Republican’s Made Today’s Deficits

Economic Downturn, Financial Rescues, and Bush-Era Policies Drive the Numbers













Economic Downturn, Financial Rescues, and Bush-Era Policies Drive the Numbers

Click to download the PDF of this Report

By Kathy Ruffing and James R. Horney via

If not for the tax cuts enacted during the Presidency of George W. Bush that Congress did not pay for, the cost of the wars in Iraq and Afghanistan that began during that period, and the effects of the worst economic slump since the Great Depression (including the cost of steps necessary to combat it), we would not be facing these huge deficits in the near term.

While President Obama inherited a bad fiscal legacy, that does not diminish his responsibility to propose policies to address our fiscal imbalance and put the weight of his office behind them. Although policymakers should not tighten fiscal policy in the near term while the economy remains fragile, they and the nation at large must come to grips with the nation’s deficit problem. But we should all recognize how we got where we are today.

The rest of the story

The libertarian Democrat, revisited

So there’s no confusion, my personal politics are independent in nature. I find politics in general to be a cut-throat mass manipulation for power which undeservedly rewards those with power and also undeservedly punishes those out of power. Ultimately, neither situation is good for our nation. My interest is in doing the things that are good for our nation. And that is why I find this next article intriguing.

by Dante Atkins via Daily Kos: State of the Nation

The year 2006 was shaping up to be a good one for Democrats. The toxic combination of George W. Bush and the corruption and cronyism of the Republican Congress was brewing a perfect storm that seemed to be pointing to Democratic victories in areas where they might not otherwise be expected. And nowhere was that more true than in the Mountain West.

In this land of big sky, rugged earth, and independent spirits, Democratic candidates were not only on the verge of winning big in the competitive areas such as Colorado and Montana, but they were also fighting hard in the deepest of red areas: strongly conservative states such as Wyoming and Idaho. The prevailing wisdom was that these areas preferred Republicans because voters demanded less government interference in their lives and thus tended to side with the small-government conservatives against big-government “tax-and-spend” liberals.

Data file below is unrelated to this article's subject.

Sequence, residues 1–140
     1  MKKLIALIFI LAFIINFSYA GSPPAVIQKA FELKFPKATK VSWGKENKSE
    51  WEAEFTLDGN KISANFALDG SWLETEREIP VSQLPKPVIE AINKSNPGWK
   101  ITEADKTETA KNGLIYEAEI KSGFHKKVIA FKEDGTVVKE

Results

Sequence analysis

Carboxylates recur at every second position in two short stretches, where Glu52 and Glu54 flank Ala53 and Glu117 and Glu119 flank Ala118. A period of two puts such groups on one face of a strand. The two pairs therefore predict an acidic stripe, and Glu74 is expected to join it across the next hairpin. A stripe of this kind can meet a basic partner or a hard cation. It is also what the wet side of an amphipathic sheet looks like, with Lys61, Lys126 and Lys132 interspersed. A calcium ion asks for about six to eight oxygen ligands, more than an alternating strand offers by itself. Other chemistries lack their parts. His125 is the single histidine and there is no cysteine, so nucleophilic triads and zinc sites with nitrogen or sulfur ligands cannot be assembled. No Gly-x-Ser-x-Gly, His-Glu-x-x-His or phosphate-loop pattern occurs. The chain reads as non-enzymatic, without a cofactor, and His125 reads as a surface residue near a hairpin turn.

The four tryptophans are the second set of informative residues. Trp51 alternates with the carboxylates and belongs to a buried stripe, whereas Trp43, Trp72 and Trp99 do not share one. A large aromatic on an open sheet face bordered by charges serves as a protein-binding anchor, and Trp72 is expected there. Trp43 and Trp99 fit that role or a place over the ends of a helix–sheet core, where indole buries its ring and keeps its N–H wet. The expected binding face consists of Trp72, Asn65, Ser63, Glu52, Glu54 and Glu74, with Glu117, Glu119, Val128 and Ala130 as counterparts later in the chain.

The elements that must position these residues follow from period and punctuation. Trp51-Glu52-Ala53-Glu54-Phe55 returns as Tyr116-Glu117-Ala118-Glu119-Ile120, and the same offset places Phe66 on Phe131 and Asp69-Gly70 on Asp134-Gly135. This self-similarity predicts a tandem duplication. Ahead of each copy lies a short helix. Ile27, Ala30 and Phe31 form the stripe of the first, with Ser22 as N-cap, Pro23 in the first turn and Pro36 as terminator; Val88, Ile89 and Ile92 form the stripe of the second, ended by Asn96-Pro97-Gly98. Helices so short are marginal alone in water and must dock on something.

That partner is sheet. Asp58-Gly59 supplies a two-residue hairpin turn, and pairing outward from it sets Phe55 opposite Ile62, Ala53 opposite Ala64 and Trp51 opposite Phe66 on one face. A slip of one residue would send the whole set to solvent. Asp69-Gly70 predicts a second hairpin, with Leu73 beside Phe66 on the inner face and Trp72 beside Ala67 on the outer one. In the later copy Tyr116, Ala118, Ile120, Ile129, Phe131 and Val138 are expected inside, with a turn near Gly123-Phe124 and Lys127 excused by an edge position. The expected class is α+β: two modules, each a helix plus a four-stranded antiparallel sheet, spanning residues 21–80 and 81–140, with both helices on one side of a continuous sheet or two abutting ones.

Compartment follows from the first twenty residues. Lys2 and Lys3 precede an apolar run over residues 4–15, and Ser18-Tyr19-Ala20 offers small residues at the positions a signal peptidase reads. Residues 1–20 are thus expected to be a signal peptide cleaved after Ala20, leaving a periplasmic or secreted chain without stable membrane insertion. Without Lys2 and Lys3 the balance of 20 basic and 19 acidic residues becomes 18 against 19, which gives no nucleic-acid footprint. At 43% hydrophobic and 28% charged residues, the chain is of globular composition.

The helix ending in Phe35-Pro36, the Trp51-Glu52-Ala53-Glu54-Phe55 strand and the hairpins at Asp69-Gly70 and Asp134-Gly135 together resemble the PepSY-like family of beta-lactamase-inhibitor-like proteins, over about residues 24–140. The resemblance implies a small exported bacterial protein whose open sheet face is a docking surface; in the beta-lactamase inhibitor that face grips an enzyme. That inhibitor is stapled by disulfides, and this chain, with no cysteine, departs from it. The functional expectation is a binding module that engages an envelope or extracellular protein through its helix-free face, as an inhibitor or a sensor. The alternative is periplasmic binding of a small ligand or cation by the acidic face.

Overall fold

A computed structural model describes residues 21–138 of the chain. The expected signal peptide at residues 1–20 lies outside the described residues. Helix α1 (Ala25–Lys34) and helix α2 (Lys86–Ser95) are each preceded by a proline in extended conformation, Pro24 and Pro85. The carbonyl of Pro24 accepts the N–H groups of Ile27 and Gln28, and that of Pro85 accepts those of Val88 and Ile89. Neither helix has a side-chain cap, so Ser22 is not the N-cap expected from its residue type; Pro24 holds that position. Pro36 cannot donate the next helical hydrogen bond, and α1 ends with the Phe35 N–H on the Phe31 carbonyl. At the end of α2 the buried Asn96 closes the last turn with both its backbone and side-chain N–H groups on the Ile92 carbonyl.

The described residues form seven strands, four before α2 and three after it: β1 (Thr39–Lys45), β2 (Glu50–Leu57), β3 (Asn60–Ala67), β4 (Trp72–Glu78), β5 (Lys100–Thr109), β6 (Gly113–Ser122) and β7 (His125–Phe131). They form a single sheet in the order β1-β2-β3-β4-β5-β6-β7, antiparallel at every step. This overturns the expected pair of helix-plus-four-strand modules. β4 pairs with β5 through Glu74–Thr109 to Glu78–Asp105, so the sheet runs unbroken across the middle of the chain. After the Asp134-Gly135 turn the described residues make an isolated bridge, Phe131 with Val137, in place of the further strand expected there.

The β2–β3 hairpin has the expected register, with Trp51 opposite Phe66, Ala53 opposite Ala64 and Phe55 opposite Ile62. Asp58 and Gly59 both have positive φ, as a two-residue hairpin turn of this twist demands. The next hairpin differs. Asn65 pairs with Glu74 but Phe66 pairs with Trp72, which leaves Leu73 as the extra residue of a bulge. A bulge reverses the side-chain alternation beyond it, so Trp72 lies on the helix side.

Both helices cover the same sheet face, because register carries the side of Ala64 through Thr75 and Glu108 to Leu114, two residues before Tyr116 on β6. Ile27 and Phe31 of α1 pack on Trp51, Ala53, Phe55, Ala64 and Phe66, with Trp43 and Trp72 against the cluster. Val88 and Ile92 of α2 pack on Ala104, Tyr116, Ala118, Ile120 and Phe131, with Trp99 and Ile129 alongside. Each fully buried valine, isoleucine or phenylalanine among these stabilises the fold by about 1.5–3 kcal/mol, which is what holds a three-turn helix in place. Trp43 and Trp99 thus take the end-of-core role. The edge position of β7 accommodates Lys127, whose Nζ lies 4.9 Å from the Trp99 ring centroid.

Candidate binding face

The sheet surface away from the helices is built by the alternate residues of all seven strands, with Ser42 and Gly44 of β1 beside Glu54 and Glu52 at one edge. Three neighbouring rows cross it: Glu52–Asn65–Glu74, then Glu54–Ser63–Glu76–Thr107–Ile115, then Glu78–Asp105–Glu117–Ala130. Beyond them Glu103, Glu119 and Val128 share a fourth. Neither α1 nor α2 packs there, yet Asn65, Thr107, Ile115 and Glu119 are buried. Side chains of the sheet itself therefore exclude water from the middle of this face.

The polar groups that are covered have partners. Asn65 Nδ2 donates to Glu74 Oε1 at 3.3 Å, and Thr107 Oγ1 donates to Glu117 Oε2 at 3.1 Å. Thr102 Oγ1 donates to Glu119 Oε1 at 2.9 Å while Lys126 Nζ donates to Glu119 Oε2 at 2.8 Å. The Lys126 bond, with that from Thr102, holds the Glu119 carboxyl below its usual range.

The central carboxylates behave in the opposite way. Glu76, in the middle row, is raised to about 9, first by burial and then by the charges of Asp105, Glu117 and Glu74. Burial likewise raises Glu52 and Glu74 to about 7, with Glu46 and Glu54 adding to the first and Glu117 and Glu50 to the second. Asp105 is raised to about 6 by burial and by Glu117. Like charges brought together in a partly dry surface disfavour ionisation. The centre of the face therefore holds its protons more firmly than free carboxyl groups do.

It was in this context that on October 2 of that year, Markos Moulitsas e-penned an editorial in an unlikely place: the electronic version of the libertarian publication CATO, appropriately dubbed CATO Unbound. In his essay, “The Case for the Libertarian Democrat,” Moulitsas quoted a then-pseudonymous Daily Kos diarist to explain the common cause then forming between those with libertarian ideals and those with a progressive vision:

As hekebolos further noted, defense contractors now have greater say in what weapons systems get built (via their lobbyists, blackmailing elected officials by claiming that jobs will be lost in their states and districts if weapons system X gets axed). The energy industry dominates the executive branch and has reaped record windfall profits. Our public debt is now held increasingly by private hedge funds. Corporations foul our air and water. They plunder our treasury.

This list, I’m sure, could be added to. Oil and oil services companies can even dictate when and how the most powerful nation on earth decides to go to war. A cabal of major corporate industry is, in fact, more powerful than the government of the most powerful nation on earth–and government is the only thing that can stop them from recklessly exploiting the people and destroying their freedom.

That, in essence, is why I am a Democrat, and why my original blog post on libertarian Democrats struck a chord with so many. We cherish freedom, and will embrace any who would protect it. But that necessarily includes, in this day and age, the government.

(Click for the rest of the story) It’s worth your time, IMO.

On Obama’s Afghanistan Speech

What I heard, saw, and felt. Obama invoked patriotism. A clear explanation of history (as we know it). Goals were set and an ending defined. Obama’s clear and steady gaze, a commander using power words. I felt he believed what he was saying.

I believe there’s more to this speech than what we heard and watched, as follows.

Doing the math. $30 B a year divided by a troop strength of 100,000 equals $300,000.00 for each soldier per year. Hmmm, with that kind of money somebody’s be gettin rich. Who?

Political trade-offs. Certain Democrats and many Republicans want more war. Why? I’ll let you answer that. The President wants Health Care reform, and a better domestic economy. Do you get the picture?

Some Gun Nuts ARE Nuts

I support our constitution but people should use common sense and not bring guns to political or any other public gathering. All it would take for people to get hurt, or worse, is for somebody lighting off a string of firecrackers and pandemonium breaks out.

Consequently, I believe these Gun Nuts showing up at recent political events if not legally crazy then have an agenda to provoke chaos which goes way over the line of having an open discussion on health insurance reform.
Therefore, these people are agent provocateur’s.

Look at the video.